If a RAID array fails, all data is lost. Some people are not comfortable with this risk. They would rather lose the contents of some drives, but not all of them.

    Solutions like Unraid and SnapRAID use one or more dedicated hard drives to store redundant (parity) data. The other hard drives are formatted with your filesystem of choice and can be accessed as normal hard drives. Altough I have no experience with this product, StableBit DrivePool seems to work in a similar manner.

    If you would have six hard drives, thus five data drives and one parity disk, the loss of two drives would result in data loss, as with RAID 5. However, the data on the remaining four drives would still be intact. The data loss is limited to just one drive worth of data.

    The 'all-or-nothing' risk associated with regular software RAID is thus mitigated. I myself don't think those risks aren't that large, but Unraid and snapraid are popular product and I think they are reasonable alternatives.

    Mergerfs could also be an interesting option, although it only supports mirroring.

    Backups are still important

    Storing your data on any kind of RAID array is never a substitute for a backup.

    You should still copy your data to some other storage if you want to protect your data. You may chose to only make a backup of a subset of all of the data, but at least you take an informed risk.


    I hope I have demonstrated why RAID is still a valid and reliable option for data storage.

    Feel free to share your own views in the comments.


    I ran a scrub on my 8-disk RAID 5 array (based on 2 TB drives) as I was writing this article. My servers are only powered on when I need them and while powered off, it's easy for them to miss their periodic scrub window.

    So as to practice what I preach I ran a scrub. Lo and behold, one of the drives was kicked out of my Linux software RAID array. Don't you love the irony?

    sd 0:0:4:0: [sde] tag#29 FAILED Result: hostbyte=DID_OK driverbyte=DRIVER_SENSE
    sd 0:0:4:0: [sde] tag#29 Sense Key : Medium Error [current] 
    sd 0:0:4:0: [sde] tag#29 Add. Sense: Unrecovered read error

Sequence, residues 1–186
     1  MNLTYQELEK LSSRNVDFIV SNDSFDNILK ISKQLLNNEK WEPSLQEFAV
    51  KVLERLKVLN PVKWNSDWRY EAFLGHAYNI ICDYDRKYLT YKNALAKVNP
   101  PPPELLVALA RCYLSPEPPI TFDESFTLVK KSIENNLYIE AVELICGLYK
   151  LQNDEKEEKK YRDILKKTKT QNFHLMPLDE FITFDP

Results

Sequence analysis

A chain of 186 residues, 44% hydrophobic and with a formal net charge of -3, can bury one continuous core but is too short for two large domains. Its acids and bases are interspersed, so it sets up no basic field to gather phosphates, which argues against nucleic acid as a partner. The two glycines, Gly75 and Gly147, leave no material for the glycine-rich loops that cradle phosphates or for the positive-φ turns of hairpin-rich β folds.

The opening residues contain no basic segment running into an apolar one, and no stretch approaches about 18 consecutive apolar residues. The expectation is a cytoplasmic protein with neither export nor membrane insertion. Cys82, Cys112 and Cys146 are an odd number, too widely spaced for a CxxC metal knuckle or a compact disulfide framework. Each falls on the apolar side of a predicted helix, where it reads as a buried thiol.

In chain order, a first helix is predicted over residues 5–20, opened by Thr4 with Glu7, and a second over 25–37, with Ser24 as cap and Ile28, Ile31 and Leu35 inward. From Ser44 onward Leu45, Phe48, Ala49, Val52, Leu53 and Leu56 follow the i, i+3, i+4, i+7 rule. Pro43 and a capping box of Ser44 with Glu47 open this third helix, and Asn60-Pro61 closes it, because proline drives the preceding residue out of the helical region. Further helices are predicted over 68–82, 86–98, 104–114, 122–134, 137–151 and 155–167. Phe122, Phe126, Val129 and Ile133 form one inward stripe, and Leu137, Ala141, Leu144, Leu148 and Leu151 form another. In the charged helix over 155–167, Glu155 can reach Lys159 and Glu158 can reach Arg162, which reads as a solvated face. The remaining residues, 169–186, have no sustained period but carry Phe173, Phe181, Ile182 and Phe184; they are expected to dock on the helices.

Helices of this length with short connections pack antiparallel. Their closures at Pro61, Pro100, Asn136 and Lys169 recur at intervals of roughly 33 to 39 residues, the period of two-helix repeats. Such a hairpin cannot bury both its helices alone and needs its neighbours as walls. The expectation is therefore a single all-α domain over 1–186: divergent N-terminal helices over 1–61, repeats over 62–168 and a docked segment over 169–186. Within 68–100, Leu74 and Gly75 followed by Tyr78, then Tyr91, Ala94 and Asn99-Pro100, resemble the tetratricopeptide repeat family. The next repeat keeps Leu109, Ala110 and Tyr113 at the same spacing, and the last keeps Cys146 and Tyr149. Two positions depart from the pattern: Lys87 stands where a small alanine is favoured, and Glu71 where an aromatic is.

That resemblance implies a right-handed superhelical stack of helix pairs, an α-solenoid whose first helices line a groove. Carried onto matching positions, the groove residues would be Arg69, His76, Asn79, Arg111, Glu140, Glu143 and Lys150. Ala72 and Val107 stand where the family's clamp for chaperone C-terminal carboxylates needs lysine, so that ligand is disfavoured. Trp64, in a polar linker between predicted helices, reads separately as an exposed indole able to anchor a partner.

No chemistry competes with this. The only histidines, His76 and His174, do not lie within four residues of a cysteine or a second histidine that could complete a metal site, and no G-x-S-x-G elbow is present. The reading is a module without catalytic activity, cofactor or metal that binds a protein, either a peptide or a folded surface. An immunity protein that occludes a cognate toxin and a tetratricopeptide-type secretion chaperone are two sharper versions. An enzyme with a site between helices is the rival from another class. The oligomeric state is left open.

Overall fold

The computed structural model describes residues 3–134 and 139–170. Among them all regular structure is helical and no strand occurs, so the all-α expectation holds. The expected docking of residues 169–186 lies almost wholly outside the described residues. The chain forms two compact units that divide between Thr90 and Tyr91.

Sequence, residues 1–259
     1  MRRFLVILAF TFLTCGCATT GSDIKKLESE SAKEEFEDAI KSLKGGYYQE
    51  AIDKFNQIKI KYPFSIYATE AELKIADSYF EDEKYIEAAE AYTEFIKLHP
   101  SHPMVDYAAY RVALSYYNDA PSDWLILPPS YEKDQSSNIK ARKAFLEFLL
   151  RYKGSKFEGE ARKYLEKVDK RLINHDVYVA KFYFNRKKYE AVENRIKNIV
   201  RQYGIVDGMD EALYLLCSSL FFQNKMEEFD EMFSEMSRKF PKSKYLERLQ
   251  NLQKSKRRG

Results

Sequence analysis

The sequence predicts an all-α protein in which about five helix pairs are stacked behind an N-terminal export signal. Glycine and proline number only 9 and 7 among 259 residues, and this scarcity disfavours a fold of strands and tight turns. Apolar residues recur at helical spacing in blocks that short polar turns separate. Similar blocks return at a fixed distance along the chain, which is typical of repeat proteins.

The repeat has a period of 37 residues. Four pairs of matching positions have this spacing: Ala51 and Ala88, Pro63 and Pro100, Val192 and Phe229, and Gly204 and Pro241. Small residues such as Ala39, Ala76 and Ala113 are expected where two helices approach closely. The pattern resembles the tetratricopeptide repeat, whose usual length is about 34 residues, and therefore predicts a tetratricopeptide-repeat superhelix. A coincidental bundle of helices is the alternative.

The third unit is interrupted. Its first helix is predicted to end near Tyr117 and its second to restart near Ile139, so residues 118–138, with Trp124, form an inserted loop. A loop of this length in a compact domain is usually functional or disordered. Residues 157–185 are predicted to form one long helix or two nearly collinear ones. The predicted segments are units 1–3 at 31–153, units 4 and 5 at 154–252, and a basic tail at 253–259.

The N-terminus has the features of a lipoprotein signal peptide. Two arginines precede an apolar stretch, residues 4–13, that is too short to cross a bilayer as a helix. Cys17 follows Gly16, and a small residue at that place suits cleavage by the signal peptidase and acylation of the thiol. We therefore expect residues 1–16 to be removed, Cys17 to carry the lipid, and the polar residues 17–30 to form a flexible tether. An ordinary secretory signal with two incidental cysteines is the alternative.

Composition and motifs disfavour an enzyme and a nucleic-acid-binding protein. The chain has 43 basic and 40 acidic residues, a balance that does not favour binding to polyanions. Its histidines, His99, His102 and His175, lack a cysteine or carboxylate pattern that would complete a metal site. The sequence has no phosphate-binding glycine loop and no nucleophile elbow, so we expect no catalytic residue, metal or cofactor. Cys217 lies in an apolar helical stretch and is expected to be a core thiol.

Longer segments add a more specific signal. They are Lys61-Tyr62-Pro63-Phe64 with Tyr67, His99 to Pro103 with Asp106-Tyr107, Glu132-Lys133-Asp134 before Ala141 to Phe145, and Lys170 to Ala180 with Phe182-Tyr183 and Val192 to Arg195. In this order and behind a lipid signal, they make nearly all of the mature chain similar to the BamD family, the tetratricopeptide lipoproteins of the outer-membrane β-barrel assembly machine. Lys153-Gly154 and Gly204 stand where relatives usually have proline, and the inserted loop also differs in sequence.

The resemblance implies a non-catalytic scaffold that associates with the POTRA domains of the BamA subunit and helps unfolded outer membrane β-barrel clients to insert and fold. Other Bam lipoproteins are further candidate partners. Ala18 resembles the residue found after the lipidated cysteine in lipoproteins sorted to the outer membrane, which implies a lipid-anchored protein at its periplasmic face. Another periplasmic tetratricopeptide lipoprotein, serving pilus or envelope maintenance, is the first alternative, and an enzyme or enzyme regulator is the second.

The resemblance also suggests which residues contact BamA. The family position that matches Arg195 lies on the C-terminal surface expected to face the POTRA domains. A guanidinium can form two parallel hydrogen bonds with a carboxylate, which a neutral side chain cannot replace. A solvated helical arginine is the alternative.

sd 0:0:4:0: [sde] tag#29 CDB: Read(10) 28 00 9f 42 9e 30 00 04 00 00
    print_req_error: critical medium error, dev sde, sector 2671943216

    Followed by:

    md/raid:md6: Disk failure on sde, disabling device.
    md/raid:md6: Operation continuing on 7 devices.

    The drive was clearly kicked out because the drive encountered bad sectors. A quick check of the SMART data revealed more than 300+ sectors were already remapped, but the data stored in them could not be recovered, causing read errors.

    This drive is clearly done, although it was still operational.

    After swapping this defective drive with a spare replacement, I started the rebuild proces, which took four hours and twenty minutes. My RAID 5 has rebuild and is now perfectly fine.

    If an event like this doesn't drive the point home that scrubs are important, I don't know what will.

    1. Sometimes I read what hardware people use for storage and I think about this quote by John Glenn: ‘I felt exactly how you would feel if you were getting ready to launch and knew you were sitting on top of 2 million parts — all built by the lowest bidder on a government contract.’ 

    2. ZFS works differently, it only reads the sectors containing actual data. 

    3. ZFS rebuilds or 'resilvers' become slower as you add more drives to a RAIDZ(2/3) VDEV, it seems. I'm not sure this is still the case with more recent ZFS versions. 

    4. Both ZFS and MDADM will take a performance hit by using a log/bitmap. Both solutions support using an SSD to accelerate the log/bitmap to remove this performance hit. Most home users probably won't need this. 

    5. The smallest unit of storage a drive can store, often 4K or 512 bytes for older, smaller drives. 

    6. Those hard drive live in a datacenter with a conditioned environment, which you probably don't have at home. But as long as you keep the temperature of hard drive within limits, I don't think it matters that much. 

    7. ZFS is both a RAID solution and a filesystem in one and can tell you exactly which file is affected. A nice feature. 

    Tagged as : storage RAID